ENERGY TRANSITION
Government regulations continue to evolve rapidly in the Energy Transition space. Some of the highlights from the period include both regulatory and market news.

Regulatory:

  • President Biden announced plans for a $2.2 trillion American Jobs Plan to target spending on roads, clean energy generation and grid, water and waste infrastructure and support for a domestic electric vehicle supply chain, including Electric Vehicle (EV) charging points;
  • As part of Earth Day, President Biden held a Leader’s Summit, subsequently announcing that the US will target reducing carbon emissions by more than 50% by 2030 compared with 2005 levels; and
  • In May, the UK government, as part of its broader Net Zero by 2050 ambitions has suggested that homeowners may have to replace gas heating with efficient pumps whenever a property is sold.

Industry:

  • Within clean transportation, there was further evidence of the accelerating shift toward EVs as Volvo announced that it plans to go all electric by 2030, whilst Jaguar announced that it plans to become an electric-only brand from 2025 onwards;
  • Volkswagen held their Power Day in March and announced they would build six battery ‘gigafactories’ in Europe by 2030, each with 40 GWh of capacity with the first to be constructed in Sweden with Northvolt; and
  • In May, Ford announced that it expects 40% of global sales to be fully electric by 2030 with plans to increase investment in EVs by $8bn to $30bn through 2025.

MINING
Whilst the green metal narrative and longer-term demand outlook was certainly helpful for metals like copper in the first half of the year, strong returns were seen across the majority of mined commodities. One of the most notable features of the last six months has been the strength in the iron ore price, with stronger than expected Chinese steel demand combining with continued supply disappointments from Brazil and Australia to result in a tight physical market and high prices. The major London-listed diversified miners have benefitted from this and it has been the key driver of their higher forecast cash flow for the first half of 2021. Within the iron ore market, high quality/low impurity product has attracted a higher premium as steel makers have looked to maximise productivity from blast furnaces and minimise their environmental emissions. We believe China’s environmental commitments here to be genuine and if anything will get more stringent in the future. Therefore, we think this quality differential will persist not just in iron ore but across the commodities suite and have this consideration built into all of our investment analysis.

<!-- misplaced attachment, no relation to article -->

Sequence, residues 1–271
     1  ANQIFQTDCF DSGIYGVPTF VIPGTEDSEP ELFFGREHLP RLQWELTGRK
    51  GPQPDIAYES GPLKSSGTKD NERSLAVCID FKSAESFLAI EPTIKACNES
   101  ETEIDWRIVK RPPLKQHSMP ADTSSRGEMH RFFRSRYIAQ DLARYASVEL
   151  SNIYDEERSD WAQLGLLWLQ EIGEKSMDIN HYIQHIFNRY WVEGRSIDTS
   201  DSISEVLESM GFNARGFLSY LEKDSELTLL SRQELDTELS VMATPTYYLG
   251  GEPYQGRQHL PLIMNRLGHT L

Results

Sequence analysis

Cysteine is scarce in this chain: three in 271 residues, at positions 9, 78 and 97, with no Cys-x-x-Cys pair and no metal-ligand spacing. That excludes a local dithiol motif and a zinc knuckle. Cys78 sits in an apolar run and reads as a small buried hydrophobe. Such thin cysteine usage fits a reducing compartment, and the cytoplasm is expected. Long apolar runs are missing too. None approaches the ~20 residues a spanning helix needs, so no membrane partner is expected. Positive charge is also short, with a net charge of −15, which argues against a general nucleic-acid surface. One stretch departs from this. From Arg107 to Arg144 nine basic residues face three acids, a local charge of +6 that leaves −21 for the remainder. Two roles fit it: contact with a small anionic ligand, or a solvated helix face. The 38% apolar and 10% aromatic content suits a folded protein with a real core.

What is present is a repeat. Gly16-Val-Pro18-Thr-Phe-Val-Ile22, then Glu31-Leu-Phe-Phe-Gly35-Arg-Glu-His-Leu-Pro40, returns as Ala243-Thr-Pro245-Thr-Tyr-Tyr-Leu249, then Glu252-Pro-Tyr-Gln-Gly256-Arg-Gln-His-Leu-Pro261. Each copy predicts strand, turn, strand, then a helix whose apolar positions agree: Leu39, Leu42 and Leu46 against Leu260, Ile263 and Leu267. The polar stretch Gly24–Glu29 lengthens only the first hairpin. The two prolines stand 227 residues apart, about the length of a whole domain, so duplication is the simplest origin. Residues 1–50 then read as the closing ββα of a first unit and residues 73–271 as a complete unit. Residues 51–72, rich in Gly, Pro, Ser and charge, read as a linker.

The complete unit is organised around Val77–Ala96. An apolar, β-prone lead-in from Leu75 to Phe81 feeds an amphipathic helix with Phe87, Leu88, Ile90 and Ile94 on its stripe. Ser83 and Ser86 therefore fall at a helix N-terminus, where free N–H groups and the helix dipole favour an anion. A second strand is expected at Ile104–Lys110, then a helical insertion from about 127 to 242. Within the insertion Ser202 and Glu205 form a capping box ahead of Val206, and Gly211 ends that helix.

To illustrate the scale of potential demand for certain commodities from the decarbonisation of the economy, the chart on page 10 of the Half Yearly Financial Report shows the forecast copper demand growth from a number of key areas. Interestingly, when we look back at historic forecasts of solar build out and EV demand, these forecasts have consistently underestimated the speed/scale of these areas, so we think there is upside risk to the forecasts here.
 

The constraint in capital spending on new mines is a key characteristic of the Mining sector that we’ve written about before and it is reassuring to see this continuing during 2021. Despite the very strong commodity price environment and robust financial health of the producing companies, capital expenditure intentions are also remaining restrained, as shown in the chart on page 11 the Half Yearly Financial Report.

This trend is going to see commodity supply growth be muted compared to the growth seen during/after the 2000s super cycle, creating the potential for a stronger for longer price environment as markets remain consistently undersupplied. Another constraint on project development is the vastly improved remuneration policies at the major mining companies now compared to previous cycles. This has aligned management more closely with shareholders and, given the focus on returns and per share metrics rather than volume growth, is leading to a bias against projects being approved by senior executives. The final subtle difference compared to the 2000s cycle is that mining companies are having to commit a greater proportion of their capital spend to ESG related projects – for example, they might upgrade their mining fleet from diesel to electric trolley assisted trucks. Whilst these investments can come with modest efficiency gains, their main impact is a reduction in emissions or other environmental improvements. This is positive for the sustainability of the industry, but this capital doesn’t lead to a material increase in production, whereas in previous cycles nearly all of the capital would be committed to increasing production/supply. This is another supportive factor for a more durable price cycle for mined commodities looking forward from here.